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NICE recommends new advanced breast cancer treatment

The National Institute for Health and Care Excellence has recommended atezolizumab for treating people with a type of advanced breast cancer in draft guidance, after previous rejection.

In earlier guidance, NICE did not recommend atezolizumab for an advanced type of breast cancer, called triple negative breast cancer, that has spread to other parts of the body.

However, NICE is now backing the treatment after Swiss pharmaceutical giant Roche agreed to provide a ‘larger discount’ to the list price of the drug in a deal with NHS England and NHS Improvement.

NHS clinical director for cancer Professor Peter Johnson said the deal means ‘patients with triple breast cancer have a significantly better option for treatment’.

In a statement, NICE said the treatment - given by injection every two weeks with chemotherapy drug nab-paclitaxel - can increase the time before the disease worsens by around 2.5 months and overall survival by around 9.5 months.

Around 2,000 people in England have triple negative breast cancer and around 600 of those would be eligible for the treatment, which can be used if patients have not had chemotherapy for breast cancer that has spread to other parts of the body and where surgery to remove it is not possible.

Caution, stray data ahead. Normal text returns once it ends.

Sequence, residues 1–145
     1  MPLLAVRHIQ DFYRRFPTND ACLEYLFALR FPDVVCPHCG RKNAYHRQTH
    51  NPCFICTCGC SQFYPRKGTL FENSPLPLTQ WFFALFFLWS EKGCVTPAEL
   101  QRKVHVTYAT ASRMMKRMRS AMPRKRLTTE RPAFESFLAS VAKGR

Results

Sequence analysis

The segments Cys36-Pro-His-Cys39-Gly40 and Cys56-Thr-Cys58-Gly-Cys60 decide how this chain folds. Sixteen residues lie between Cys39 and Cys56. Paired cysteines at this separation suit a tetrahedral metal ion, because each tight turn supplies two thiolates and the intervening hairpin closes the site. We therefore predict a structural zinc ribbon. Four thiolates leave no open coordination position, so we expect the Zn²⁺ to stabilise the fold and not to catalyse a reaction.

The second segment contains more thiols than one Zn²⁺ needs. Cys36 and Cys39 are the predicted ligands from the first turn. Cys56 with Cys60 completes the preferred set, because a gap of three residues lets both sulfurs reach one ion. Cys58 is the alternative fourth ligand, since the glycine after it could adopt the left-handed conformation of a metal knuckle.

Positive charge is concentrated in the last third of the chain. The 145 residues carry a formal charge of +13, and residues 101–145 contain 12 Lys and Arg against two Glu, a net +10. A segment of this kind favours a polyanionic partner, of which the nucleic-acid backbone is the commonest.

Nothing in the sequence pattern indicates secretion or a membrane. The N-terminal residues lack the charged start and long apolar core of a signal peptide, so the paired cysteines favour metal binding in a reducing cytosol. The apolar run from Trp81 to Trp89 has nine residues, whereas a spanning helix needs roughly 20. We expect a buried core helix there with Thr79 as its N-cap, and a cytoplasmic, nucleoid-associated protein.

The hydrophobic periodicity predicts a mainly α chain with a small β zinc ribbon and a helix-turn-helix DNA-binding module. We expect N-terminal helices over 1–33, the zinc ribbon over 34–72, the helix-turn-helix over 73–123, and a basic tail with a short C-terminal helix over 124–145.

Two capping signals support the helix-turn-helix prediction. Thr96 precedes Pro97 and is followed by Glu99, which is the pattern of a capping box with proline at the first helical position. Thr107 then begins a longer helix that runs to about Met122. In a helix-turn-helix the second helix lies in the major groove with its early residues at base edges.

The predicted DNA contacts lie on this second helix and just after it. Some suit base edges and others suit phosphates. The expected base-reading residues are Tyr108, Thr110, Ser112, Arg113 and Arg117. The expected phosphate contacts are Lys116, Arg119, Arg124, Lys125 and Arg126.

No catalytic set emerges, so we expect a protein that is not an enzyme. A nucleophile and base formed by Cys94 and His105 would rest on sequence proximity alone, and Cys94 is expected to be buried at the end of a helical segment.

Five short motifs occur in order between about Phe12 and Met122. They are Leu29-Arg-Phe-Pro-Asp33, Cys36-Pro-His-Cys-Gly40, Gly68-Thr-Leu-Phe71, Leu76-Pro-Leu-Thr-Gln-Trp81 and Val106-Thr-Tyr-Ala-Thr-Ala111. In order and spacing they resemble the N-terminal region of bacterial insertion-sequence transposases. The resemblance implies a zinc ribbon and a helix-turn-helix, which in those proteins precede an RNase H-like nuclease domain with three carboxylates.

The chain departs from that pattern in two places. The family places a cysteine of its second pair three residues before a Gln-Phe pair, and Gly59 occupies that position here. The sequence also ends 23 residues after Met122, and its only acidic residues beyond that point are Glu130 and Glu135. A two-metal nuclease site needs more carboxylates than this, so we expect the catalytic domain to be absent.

The treatment works by blocking the activity of a protein called PD-L1, which is produced in larger amounts on cancerous cells than normal cells. This allows the person’s own immune cells to attack the cancer.

NICE added that advanced triple negative breast cancer can be ‘more aggressive’ than other types of breast cancer. Despite accounting for 15-20% of breast cancer cases, it accounts for 25% of deaths.

The cost of a course of treatment with atezolizumab is £39,981 based on treatment for 7.5 months at its full list price but the company offered the NHS an undisclosed discount.

Director of the Centre for Health and Technology Evaluation at NICE Meindert Boysen said: ‘I know that today’s announcement will be welcomed by people with this type of breast cancer as well as for their families and carers.

‘Atezolizumab is considered to be a breakthrough treatment in an area where there are currently few options,’ he added.

It was revealed earlier this month that more children are being exposed to secondhand smoke during the coronavirus lockdown.

In addition, a national cancer lead has warned that some extremely vulnerable patients with cancer have yet to receive a letter advising them to shield from coronavirus.